Uplands represent the vast majority of land area in the
Northern Colorado Plateau Network (NCPN), and include
rock outcrops, badlands, shrublands, grasslands,
woodlands, and forests. Upland vegetation provides energy
to other trophic levels, habitat structure for various
organisms, and is a significant component of species diversity.
The ability of uplands to retain soil and nutrients,
absorb and release water, and buffer high-runoff precipitation
events is a major influence on riparian condition. Upland
ecosystems are easily disturbed and slow to recover,
yet several NCPN units contain relatively undisturbed examples
of grasslands and shrublands. Historic land uses
include livestock and timber production; more recently,
recreational use has increased. To effectively manage uplands,
the National Park Service needs to know the impacts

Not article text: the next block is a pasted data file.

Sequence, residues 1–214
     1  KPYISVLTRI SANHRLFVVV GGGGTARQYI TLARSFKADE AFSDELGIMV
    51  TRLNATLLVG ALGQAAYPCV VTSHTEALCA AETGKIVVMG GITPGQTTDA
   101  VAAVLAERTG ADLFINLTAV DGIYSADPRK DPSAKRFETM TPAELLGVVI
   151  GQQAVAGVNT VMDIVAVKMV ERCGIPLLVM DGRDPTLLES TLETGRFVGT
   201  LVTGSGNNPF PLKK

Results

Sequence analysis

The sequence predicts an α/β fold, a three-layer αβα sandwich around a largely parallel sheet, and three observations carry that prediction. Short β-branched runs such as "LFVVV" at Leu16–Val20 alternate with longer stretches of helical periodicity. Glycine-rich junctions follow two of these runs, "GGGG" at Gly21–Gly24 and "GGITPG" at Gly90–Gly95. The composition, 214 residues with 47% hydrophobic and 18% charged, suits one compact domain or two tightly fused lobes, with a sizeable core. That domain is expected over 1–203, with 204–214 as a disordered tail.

of these uses.
Upland monitoring plot in Canyonlands National Park.
Integrated upland monitoring includes measuring soil and site stability, hydrologic function, biotic integrity, vegetation composition and structure, and biological soil crusts. At ten NCPN parks, a complex survey design incorporates plots that are visited in two consecutive years, followed by a relatively long interval between revisits; some plots are visited only once every 5-10 years. This design minimizes the chances that sensitive, arid ecosystem plots will be damaged by repeated visits in successive years and is a cost-effective way to estimate the health of the upland ecosystem across a large area. NCPN upland monitoring is intended to strike a balance between increasing fundamental understanding of these systems and providing managers with early warning of undesirable change.
For more detailed information, see the In-depth Information box below.
Network park units where upland ecosystems are monitored
Cedar Breaks NM
Black Canyon of the Gunnison NP
Bryce Canyon NP
Timpanogos Cave NM
Capitol Reef NP
NP = National Park; NM = National Monument; NRA = National Recreation Area
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